Pictured (from left to right): Massey Services President and CEO Tony Massey; George and Carolyn Richardson of Peninsular Pest Control Service; and Ed Dougherty, executive vice president and COO of Massey Services. Massey Services acquired Peninsular Pest Control Services on July 5.

ORLANDO, Fla. — Massey Services announced that it has acquired Peninsular Pest Control Service.

Peninsular Pest Control, also known as “Critter Gitter,” is headquartered in Jacksonville, Fla. The company provides residential and commercial pest control, termite and landscape services to 30,000 customers throughout Northeast Florida, including Jacksonville, St. Augustine and Ponte Vedra.

“We are pleased to welcome the Peninsular team members and customers to the Massey Services organization,” said Tony Massey, president and CEO of Massey Services. “Peninsular Pest Control is a second-generation, family-owned organization that has been providing superior service to customers for nearly 70 years. We look forward to carrying on their legacy of total customer satisfaction for years to come.”

Massey Services was founded in 1985 in Orlando, Fla. The organization now has 177 locations company wide.

LR Tullius represented and acted as exclusive financial adviser to Peninsular Pest Control on the transaction.

BHB Pest Elimination Launches First-Ever Billboard

NEW YORK — BHB Pest Elimination of New York City recently launched its first-ever billboard advertising campaign, which has brought in an abundance of publicity and business, according to owner Michael Broder. The billboard reads: “Killing it Since 1969,” which was the year the company was founded.

Broder has witnessed BHB’s growth from the beginning, as his father, Benjamin Harrison Broder, was the founder of the company. His father originally began treating individual apartments in New York City, but eventually business expanded to much more. BHB took on restaurants and other food establishments, hotels and property management. During the last couple of years, BHB has been growing outside of the New York City area and has opened an office in New Jersey. The purpose of the billboards is to drive up business in these newly serviced areas, Broder said.

Before the billboards, Broder said BHB’s best source for finding new customers was word-of-mouth referrals and face-to-face advertising at trade shows.

courtesy of MICHAEL BRODER

BHB’s newly launched billboard.

“Our satisfied customers have been some of our biggest advocates,” Broder said. “You know, it’s building a relationship with the customer.”

The decision to use billboards this summer was already paying dividends, Broder said.

“Just from putting the sign up in front of the building, I cannot believe how much new business we were able to get just from that,” Broder said. “Seeing the effect of people just literally walking in and calling us as they drive by was proof enough that we needed that.”

During the past few years, BHB has put a tremendous emphasis on marketing, after previously struggling with online advertising — specifically SEO. Moving forward, BHB plans to continue to focus on marketing through social media.

“You’ve got to get your name out there, and we’re looking to do more and more of that,” Broder said. — Halle Dray, PCT editorial intern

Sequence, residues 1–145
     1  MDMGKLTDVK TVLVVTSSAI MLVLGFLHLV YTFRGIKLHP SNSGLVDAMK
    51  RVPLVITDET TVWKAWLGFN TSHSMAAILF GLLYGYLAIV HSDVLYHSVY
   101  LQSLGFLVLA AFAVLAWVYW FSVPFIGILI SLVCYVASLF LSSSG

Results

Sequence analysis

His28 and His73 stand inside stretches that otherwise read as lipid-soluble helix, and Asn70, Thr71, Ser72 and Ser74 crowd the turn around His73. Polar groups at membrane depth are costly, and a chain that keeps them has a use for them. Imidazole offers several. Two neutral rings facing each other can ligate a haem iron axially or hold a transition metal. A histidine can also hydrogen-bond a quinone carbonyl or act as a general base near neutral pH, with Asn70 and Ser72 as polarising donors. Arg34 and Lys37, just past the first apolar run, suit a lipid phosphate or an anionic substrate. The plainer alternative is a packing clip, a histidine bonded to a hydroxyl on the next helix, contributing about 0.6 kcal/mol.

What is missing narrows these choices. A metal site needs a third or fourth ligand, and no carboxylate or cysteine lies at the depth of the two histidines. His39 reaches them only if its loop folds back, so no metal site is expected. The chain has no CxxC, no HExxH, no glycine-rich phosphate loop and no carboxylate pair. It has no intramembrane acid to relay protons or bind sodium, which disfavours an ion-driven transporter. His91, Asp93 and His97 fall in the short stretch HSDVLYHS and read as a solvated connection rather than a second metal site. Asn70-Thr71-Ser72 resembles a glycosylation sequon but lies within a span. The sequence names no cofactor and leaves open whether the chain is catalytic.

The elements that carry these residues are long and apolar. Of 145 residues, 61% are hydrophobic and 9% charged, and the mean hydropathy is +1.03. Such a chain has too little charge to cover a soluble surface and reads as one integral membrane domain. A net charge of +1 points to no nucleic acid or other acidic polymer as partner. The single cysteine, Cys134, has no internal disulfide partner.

Rockit Pest Announces Acquisition of Hired Killers

courtesy of Rockit pest

Patrick Settle, senior vice president at Rockit Pest (left) and Ross Woodall III, owner of Hired Killers Pest Control.

GREENVILLE, S.C. — Rockit Pest acquired Hired Killers Pest Control, Greenville, S.C. Hired Killers has served Upstate South Carolina residents for more than 36 years. Ross Woodall Sr., founded the company, which was passed on to his son, Ross Woodall ll, and has been under his leadership since 2015. Hired Killers has won the “Best of the Upstate” award by Greenville News for 15 years and is A+ rated by the BBB.

“Hired Killers is a perfect complement to our organization, adding density to our rapidly growing footprint in greater Greenville,” said Ryan Bradbury, CEO of Rockit Pest. “South Carolina continues to attract families and businesses looking for a better life and working environment and boasts one of the strongest and most durable economic growth rates in the nation. Rockit has rapidly become one of the largest pest control companies in the state and we warmly welcome the Hired Killers team to the Rockit family.”

Ross Woodall II added, “When considering selling my company, the two key factors for me were knowing that my employees were joining a team that would continue to support them, and that they would have opportunities for growth. It was also important to me that our customers would continue to receive the premium level of service that they deserve and expect. It was an easy decision in choosing Rockit Pest. They gave me the sense of trust and confidence that our employees and customers are in great hands.”

Could a Virus be Used to Kill Invasive Fire Ants?

SAN DIEGO — A small study suggests invasive fire ants could be controlled by Solenopsis invicta virus 3.

An article in June’s Journal of Invertebrate Pathology explained how researchers successfully reduced wild Florida populations of imported fire ants. During the evaluation, the researchers observed a seven-fold reduction in nest numbers, as well as an equally significant reduction in nest size.

“Laboratory tests have shown that Solenopsis invicta virus 3 may be an effective natural control agent against its host, the red imported fire ant,” the co-authors wrote.